The Greek government is planning tougher conditions for furloughs for hardened criminals, following repeated instances of notorious terrorists walking away from prison after a holiday leave or disappearing after being released from pre-trial detention.
The government sent a draft bill to Parliament that would prevent convicts serving life sentences from being furloughed until they serve at least 20 years, including the first 10 years in a high-security prison.
Authorities also said they plan to turn a jail in central Greece into a prison solely for housing high-security-risk convicts.
The move comes after two embarrassing incidents for the government of Prime Minister Antonis Samaras, who made the fight against crime a cornerstone of his 2012 campaign.
Nikos Maziotis, leader of the terrorist group Revolutionary Struggle (ELA), vanished after being released from a maximum 18-month detention because he had not been brought to trial.
Christodoulos Xiros of the November 17 terrorist organisation, who was serving six life sentences for his role in six killings, did not return to prison from a Christmas vacation last January.
The Xiros incident prompted the government to fire the warden of the high-security Korydallos prison where Xiros served his sentence. The prison had experienced a series of security breakdowns, including two escapes by helicopter by the same men.
The government also mandated law enforcement to quickly ensure that other terrorists are not furloughed, especially after it was revealed that another imprisoned terrorist was regularly let out to take college classes.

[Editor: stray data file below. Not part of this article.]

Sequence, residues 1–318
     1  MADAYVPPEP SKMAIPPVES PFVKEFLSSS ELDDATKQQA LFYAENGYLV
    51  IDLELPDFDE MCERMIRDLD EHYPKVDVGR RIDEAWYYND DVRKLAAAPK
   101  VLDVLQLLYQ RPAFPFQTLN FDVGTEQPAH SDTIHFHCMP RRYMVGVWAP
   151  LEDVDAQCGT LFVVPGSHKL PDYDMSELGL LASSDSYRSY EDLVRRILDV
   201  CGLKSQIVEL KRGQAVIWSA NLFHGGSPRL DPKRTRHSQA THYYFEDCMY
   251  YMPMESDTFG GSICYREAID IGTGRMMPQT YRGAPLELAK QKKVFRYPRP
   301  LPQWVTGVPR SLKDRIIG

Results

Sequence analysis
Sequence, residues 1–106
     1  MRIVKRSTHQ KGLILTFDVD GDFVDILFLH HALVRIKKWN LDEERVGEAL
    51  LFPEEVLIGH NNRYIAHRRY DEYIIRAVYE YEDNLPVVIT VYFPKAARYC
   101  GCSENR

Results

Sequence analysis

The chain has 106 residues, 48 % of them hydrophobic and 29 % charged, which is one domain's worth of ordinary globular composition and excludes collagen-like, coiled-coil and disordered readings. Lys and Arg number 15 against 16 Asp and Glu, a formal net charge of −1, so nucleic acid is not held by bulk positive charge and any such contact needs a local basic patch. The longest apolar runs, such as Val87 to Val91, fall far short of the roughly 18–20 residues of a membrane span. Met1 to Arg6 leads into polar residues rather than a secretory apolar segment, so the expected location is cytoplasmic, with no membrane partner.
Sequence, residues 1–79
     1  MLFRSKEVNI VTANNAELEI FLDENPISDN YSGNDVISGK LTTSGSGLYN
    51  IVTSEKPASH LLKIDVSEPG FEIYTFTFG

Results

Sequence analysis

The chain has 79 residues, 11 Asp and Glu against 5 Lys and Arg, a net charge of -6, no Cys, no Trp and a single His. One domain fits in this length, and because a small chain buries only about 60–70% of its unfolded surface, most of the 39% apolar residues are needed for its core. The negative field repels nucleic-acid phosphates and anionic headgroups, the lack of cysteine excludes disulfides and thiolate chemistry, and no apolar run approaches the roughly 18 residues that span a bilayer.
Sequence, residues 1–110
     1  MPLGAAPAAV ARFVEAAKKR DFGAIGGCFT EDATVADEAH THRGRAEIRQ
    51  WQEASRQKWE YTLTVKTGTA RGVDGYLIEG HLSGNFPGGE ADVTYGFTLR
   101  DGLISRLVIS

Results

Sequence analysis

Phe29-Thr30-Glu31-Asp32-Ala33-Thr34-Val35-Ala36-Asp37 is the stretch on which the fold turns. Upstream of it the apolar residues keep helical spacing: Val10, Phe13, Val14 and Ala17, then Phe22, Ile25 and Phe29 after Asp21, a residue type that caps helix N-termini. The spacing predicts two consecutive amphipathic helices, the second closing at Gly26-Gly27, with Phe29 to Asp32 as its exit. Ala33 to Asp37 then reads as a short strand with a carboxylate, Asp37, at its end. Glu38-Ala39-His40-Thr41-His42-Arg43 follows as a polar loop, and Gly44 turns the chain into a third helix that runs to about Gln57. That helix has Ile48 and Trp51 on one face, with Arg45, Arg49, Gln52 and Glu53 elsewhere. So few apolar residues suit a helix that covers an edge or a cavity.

Analysts said toughening the rules for furloughs is necessary and the sensible thing to do to ensure public safety. “[That is because] the recent Xiros affair proved beyond a reasonable doubt there are big holes in the existing security system,” Antonis Klapsis, head of research at the Konstantinos Karamanlis Institute for Democracy in Athens, told SETimes.
Klapsis said furloughs are a privilege and should not be extended in cases where there is a basis to suspect dangerous convicts are a threat to society.
Greek police said they suspect Xiros and Maziotis teamed up in a car bomb attack outside the Bank of Greece main branch in Athens on April 10th. Revolutionary Struggle later claimed responsibility.
Xiros sent a threatening video over the internet shortly after leaving prison, warning of a return to violence. The authorities said they are also investigating whether the escaped extremists collaborate and whether the members of another extremist group, Conspiracy of Cells of Fire, helped Xiros plan his escape.
While reforming the furlough program, Greek authorities offered for the first time monetary compensation of 2 million euros for information leading to the capture of Xiros and Maziotis.
“A balance should be kept and that means implementing tougher measures, surveillance and controls as well as providing provisions to enable these persons to re-integrate in society as law-abiding citizens,” Ioannis Michaletos, an analyst at the Institute for Security & Defence Analysis in Athens, told SETimes.
Michaletos said such measures are important because under Greek law, convicts sentenced to life serve in most cases 25 years and sometimes only 15 to 17 years, which opens the opportunity to request furloughs.
“[Next] the correction facility system is Greece should be overhauled — many more changes are needed,” he said.
(Used by permission of Southeast European Times, www.setimes.com)
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